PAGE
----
Syria​ ​Suspended ​Suspended ​Suspended ​Suspended
Venezuela ​Allowed* ​Suspended** ​Allowed* ​Allowed*
Yemen ​Allowed* ​Suspended ​Allowed* ​Suspended
 * Enhanced screenings and vetting requirements in effect. 

** Applies only to officials of government agencies of Venezuela and their immediate families. ​

I am not a national of one of the listed countries. Would the Travel Ban still affect me?

if you are not a national of the listed countries, you should still be aware of the following: 

  • Increased Screenings and Possible Travel Delays: Due to increased scrutiny at POEs (ports of entry) and expected increase of in-person visa interviews at U.S. consulates and embassies abroad, you should expect delays with both visa applications and when traveling to the U.S.

  • ​​Continuous Revisions & Reviews:  Provisions of Travel Ban 3.0 also calls for a review of U.S. visa issuance procedures in all countries as well as visa reciprocity provisions. Such reviews may result in changes in visa application fees, or visa lengths.


I was planning to travel outside the U.S. What should I do?

  • ​At this time, ISS recommends that nationals from these seven countries not make travel plans to leave the United States until consulting with an ISS Advisor​

  • If you are not from one of the seven countries and plan to travel please make sure that all your travel documents are in order, including a valid entry visa (F-1 or J-​1). We also recommend that you request and take with you a letter confirming that you are currently maintaining lawful status. For instructions on how to request your letter online, go here​. ​​

What can I do to maintain my lawful F1 or J1 status?

As you know, it is always important to prevent any violations of your F-1 or J-1 status; please review rules for maintaining lawful F-1 or J-1 status​.  In the current environment it becomes particularly important to also avoid activities that may seriously impact your immigration status or future visa applications (e.g. common misdemeanor or felony arrests, including theft, drunk driving, shoplifting and drug possession).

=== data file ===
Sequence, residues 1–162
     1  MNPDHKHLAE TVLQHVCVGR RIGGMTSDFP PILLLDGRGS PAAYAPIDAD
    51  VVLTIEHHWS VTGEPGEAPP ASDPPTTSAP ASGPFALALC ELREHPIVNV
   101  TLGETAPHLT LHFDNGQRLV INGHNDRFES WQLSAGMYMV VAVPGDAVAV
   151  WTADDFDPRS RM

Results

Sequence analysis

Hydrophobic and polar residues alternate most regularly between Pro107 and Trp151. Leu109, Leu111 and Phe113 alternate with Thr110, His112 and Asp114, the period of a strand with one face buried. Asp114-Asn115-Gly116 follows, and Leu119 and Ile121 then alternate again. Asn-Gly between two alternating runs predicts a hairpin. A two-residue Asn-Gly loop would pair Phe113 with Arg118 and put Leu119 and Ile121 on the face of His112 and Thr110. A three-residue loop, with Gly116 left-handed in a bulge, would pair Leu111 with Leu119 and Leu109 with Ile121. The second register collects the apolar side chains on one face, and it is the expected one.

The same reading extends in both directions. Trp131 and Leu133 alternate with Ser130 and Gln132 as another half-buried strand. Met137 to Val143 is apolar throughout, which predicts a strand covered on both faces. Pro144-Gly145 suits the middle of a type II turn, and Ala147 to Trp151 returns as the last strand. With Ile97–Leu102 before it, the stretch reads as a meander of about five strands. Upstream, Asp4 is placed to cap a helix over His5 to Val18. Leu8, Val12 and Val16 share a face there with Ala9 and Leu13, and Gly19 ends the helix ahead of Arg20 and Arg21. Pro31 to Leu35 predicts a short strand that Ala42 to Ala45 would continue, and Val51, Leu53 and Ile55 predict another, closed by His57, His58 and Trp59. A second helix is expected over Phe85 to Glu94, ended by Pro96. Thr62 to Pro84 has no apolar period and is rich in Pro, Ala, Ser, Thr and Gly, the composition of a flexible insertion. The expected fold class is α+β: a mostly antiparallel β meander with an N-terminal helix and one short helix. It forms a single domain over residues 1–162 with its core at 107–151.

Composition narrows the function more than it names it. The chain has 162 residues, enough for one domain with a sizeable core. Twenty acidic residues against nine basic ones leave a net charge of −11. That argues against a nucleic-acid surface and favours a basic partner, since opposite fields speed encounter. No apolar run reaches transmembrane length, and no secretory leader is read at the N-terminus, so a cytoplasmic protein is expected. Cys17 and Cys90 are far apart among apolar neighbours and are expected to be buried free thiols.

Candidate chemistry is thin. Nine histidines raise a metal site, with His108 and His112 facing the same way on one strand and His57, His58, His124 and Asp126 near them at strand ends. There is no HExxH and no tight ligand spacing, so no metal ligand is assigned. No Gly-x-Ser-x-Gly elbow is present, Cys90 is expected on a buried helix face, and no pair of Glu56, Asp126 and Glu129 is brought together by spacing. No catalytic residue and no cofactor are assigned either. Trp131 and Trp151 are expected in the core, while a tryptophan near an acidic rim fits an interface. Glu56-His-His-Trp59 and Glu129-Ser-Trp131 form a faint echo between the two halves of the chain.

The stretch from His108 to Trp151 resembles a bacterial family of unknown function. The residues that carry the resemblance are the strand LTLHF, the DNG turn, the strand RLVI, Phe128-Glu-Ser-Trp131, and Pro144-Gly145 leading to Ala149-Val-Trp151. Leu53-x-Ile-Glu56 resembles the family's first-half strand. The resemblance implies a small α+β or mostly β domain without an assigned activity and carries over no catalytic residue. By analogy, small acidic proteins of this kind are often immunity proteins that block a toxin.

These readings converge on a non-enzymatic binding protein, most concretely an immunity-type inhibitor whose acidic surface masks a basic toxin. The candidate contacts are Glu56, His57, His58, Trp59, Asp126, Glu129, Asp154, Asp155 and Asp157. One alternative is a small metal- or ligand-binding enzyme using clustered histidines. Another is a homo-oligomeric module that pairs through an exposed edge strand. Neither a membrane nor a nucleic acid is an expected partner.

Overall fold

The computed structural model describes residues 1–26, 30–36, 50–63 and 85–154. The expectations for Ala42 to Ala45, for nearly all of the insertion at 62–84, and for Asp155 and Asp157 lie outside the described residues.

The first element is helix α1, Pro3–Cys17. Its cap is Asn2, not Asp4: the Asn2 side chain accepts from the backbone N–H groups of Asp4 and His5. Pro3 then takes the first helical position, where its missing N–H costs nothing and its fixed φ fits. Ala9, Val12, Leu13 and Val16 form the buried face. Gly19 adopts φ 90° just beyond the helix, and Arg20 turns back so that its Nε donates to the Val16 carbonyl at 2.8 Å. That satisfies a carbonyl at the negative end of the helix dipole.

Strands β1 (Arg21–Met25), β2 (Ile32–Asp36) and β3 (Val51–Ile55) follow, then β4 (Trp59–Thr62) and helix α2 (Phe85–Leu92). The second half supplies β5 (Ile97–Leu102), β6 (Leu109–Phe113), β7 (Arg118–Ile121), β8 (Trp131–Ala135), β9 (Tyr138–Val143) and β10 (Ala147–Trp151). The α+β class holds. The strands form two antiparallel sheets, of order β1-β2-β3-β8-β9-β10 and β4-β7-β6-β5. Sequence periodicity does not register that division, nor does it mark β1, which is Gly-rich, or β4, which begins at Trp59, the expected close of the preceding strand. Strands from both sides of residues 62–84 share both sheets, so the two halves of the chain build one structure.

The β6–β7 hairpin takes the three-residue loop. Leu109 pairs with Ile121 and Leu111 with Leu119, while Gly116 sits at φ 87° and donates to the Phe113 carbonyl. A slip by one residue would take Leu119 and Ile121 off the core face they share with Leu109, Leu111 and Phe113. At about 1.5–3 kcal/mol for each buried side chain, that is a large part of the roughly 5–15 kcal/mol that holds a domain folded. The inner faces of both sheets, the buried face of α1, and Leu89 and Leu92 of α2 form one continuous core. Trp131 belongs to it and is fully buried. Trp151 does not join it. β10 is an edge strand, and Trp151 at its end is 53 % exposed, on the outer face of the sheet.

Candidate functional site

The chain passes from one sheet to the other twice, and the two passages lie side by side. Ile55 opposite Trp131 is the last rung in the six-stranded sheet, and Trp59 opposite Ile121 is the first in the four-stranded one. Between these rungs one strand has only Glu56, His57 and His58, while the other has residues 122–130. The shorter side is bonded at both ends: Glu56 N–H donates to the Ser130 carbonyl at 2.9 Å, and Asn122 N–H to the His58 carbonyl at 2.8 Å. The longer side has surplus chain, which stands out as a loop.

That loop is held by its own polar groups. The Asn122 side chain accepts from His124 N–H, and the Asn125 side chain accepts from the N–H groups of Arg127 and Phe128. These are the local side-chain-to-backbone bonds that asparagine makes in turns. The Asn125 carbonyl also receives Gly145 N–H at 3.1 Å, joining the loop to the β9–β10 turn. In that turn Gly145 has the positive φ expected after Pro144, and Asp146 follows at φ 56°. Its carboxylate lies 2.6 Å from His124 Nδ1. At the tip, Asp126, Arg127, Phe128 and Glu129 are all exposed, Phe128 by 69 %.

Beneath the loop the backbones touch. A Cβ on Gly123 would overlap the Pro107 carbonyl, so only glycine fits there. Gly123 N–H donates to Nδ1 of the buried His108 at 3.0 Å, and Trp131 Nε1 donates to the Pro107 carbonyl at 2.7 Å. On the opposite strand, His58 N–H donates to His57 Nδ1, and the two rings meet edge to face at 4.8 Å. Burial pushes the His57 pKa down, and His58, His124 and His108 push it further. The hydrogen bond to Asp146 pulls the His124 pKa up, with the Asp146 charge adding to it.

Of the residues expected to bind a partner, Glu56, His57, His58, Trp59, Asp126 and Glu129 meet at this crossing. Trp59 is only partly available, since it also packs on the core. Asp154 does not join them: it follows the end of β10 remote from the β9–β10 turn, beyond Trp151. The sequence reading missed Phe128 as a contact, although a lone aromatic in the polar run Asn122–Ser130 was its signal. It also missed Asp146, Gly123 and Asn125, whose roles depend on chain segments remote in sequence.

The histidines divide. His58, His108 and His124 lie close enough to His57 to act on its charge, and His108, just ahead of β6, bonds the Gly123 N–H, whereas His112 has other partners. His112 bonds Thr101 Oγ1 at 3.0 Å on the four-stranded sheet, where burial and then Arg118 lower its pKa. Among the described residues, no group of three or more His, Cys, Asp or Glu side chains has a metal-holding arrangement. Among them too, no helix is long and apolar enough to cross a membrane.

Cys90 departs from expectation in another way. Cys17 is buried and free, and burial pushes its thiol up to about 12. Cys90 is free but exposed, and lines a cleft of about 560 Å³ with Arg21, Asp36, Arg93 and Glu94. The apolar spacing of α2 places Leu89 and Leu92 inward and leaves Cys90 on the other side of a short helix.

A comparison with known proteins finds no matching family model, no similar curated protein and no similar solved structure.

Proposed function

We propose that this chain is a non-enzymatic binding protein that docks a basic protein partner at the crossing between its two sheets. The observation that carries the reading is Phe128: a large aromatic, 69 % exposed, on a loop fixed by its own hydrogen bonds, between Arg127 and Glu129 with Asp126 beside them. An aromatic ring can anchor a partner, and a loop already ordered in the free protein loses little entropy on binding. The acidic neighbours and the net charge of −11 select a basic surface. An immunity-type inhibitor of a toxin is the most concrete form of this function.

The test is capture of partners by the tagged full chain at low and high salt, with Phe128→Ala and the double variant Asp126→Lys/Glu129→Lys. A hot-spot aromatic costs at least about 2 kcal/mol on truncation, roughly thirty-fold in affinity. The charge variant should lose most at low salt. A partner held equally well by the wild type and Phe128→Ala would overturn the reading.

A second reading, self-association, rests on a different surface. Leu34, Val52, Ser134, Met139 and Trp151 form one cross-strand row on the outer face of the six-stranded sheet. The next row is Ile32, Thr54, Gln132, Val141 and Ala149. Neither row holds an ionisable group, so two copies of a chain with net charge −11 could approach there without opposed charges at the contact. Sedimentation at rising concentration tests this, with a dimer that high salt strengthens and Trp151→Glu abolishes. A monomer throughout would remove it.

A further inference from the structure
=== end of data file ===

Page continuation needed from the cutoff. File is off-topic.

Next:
Where can I find more information about this Travel Ban and how it affects me?

We are closely monitoring issues that impact our international student and scholar populations and will update this FAQ as necessary. If looking for information on the internet or social media, please be careful to consult dependable, trustworthy news sources.  More information about this travel ban can be found at the NAFSA Association for International Educators website. You many also contact your ISS advisor at any time. ​

Where can I go for support or if I have questions?

​International Student and Scholar Services ​(ISS) is open Monday-Friday, 9:00a.m. - 5:00p.m. 

ISS advisors are available for walk-in advising every Wednesday, 10:00a.m. - 4:00p.m. You can also make individual appointments by calling 312-362-8376. ISS advisors will be able to provide you immigration and visa benefit advising and refer you to other university resources when needed.